Special Procedures - Gastrostomy

Percutaneous feeding tubes (feeding tubes placed through the skin) are most often used in chronically ill children or adults or those who face a long-term issue of not being able to feed themselves.

Percutaneous feeding tubes may also be used in people who cannot swallow properly due to obstructions in their esophagus, malnutrition and/or gastric emptying problems. There are two main types of percutaneous feeding tubes: G-Tubes and GJ-Tubes, which are inserted by a radiologist using fluoroscopy or ultrasound. These two feeding tubes may be either temporary or permanent. Patients with percutaneous feeding tubes need careful monitoring for nutritional problems and signs of aspiration.

G-tubes (gastrostomy), which are inserted in the abdomen, provide a quick and simple entry to the stomach to provide nutrients when the patient needs help. A G-tube can provide a longer-term alternative to a nasogastric tube (NG-tube), which is placed through the nose and down the throat. Patients with G-tubes can be fed liquefied foods.  This is performed under conscious sedation.

GJ-tubes (gastrojejunostomy) allow sidestepping the stomach for feeding. GJ-tubes are inserted through the stomach and pass through the stomach exit, across the duodenum and into the proximal small bowel. Only liquids can be used with a GJ-tube.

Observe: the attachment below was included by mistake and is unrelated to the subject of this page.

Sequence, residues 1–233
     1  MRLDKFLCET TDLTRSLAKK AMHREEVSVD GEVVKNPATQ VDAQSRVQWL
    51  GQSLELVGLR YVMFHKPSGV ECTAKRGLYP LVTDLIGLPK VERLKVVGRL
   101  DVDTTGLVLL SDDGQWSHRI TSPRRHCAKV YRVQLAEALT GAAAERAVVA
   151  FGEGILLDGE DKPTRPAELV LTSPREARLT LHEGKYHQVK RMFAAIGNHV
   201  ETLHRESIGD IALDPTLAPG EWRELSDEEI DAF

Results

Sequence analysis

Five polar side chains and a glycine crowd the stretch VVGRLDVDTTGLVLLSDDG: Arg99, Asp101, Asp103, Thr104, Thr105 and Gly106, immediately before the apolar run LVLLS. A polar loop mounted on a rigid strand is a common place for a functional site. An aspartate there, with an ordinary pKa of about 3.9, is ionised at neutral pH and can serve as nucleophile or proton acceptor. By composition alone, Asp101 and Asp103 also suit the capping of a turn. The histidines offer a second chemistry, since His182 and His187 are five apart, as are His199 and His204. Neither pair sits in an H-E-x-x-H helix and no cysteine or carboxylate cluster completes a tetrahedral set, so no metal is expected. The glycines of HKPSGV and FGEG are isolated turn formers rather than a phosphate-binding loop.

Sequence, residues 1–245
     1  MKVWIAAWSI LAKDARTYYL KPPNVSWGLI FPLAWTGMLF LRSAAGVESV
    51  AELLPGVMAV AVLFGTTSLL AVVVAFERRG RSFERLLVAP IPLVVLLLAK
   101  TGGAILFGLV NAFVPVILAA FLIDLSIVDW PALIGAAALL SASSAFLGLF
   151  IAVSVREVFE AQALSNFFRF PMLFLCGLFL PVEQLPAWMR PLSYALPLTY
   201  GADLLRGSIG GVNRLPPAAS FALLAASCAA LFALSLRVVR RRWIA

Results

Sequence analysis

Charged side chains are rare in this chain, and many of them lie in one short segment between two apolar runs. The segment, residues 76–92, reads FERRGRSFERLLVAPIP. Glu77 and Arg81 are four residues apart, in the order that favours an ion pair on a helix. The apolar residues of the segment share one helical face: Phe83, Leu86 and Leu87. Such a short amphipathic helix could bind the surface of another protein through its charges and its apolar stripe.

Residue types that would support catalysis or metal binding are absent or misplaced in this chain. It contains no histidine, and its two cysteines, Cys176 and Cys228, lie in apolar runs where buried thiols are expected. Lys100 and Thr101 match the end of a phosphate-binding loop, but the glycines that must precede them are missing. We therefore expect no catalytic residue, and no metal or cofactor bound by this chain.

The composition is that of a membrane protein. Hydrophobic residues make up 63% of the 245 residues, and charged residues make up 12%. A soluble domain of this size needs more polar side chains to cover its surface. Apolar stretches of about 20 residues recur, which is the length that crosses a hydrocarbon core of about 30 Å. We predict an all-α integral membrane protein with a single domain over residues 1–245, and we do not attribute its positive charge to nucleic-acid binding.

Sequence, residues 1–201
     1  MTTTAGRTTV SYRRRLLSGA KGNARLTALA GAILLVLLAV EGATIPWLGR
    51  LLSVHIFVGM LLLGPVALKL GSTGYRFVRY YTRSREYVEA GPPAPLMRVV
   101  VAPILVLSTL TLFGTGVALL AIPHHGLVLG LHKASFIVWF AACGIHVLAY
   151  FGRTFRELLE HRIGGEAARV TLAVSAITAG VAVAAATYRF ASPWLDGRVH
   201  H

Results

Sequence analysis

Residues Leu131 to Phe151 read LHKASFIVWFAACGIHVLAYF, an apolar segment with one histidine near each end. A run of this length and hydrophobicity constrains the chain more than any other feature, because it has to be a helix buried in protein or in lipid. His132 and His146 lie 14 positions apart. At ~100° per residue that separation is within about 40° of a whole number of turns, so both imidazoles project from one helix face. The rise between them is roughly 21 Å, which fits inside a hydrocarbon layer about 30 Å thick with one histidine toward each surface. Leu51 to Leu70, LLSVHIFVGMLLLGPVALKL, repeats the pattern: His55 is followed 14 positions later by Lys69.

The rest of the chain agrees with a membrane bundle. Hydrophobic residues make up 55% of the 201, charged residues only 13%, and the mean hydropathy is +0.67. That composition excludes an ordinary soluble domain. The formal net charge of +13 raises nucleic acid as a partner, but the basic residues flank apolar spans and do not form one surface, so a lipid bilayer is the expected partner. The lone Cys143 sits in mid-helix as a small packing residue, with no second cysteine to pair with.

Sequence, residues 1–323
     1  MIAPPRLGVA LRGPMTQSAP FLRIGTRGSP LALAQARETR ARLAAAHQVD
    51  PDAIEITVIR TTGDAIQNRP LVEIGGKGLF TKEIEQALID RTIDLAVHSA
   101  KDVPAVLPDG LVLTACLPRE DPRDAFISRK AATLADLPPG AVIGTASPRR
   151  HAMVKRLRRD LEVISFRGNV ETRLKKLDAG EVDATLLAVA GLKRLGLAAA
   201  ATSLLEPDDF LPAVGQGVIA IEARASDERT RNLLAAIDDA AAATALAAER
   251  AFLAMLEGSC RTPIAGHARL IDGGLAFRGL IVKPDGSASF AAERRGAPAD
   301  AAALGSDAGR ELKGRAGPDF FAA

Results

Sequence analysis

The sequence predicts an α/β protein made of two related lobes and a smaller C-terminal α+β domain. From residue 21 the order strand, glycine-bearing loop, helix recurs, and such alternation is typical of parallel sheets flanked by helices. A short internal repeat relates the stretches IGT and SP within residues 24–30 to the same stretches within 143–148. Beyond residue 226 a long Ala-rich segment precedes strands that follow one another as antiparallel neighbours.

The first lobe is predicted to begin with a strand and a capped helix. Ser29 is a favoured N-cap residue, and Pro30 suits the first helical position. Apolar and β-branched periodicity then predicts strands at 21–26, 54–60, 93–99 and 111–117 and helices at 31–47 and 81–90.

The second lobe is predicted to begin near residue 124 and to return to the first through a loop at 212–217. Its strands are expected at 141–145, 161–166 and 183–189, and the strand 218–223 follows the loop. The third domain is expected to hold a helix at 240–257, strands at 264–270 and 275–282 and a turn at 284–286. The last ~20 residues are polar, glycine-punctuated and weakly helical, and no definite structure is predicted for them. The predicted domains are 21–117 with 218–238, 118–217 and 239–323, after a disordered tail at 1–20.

Initial placement of a G or GJ-tubes requires both injection of an anesthetic and conscious sedation. Replacement of a G or GJ-tube through an already-placed tract usually requires a topical or injectable anesthetic if needed.

Before inserting the G-tube, a nasogastric tube is inserted. During the procedure any fluid in the stomach will be withdrawn through the NG tube. Once the NG tube is in place, the radiologist determines the entry site for the new G-tube using fluoroscopic x-ray or ultrasound imaging. A local anesthetic is injected and a small incision is made. Usually, the G-tube site is located in the upper left abdomen below the rib.

After the stomach fluid is removed through the NG tube, the stomach is inflated with air with a hollow needle device. A contrast agent is injected through the needle to assure the needle is in the proper place in the stomach. Fluorscopic x-ray is used to view this. A guide-wire is then placed inside the needle and the needle is the removed leaving the guide-wire in place. The G-tube is placed over the guide-wire, and the guide-wire is then removed, leaving the G-tube in place. The G-tube is secured internally with a locking loop or inflatable balloon and externally to the skin with sutures or a plastic ring.

After the feeding tube is in place the patient is kept on bed rest for the rest of the day. Feedings start slowly the following morning. It is suggested that the tube not be changed for at least 2 weeks, so the tract can mature in place. The nasogastric tube (NG-tube) can be removed the following day.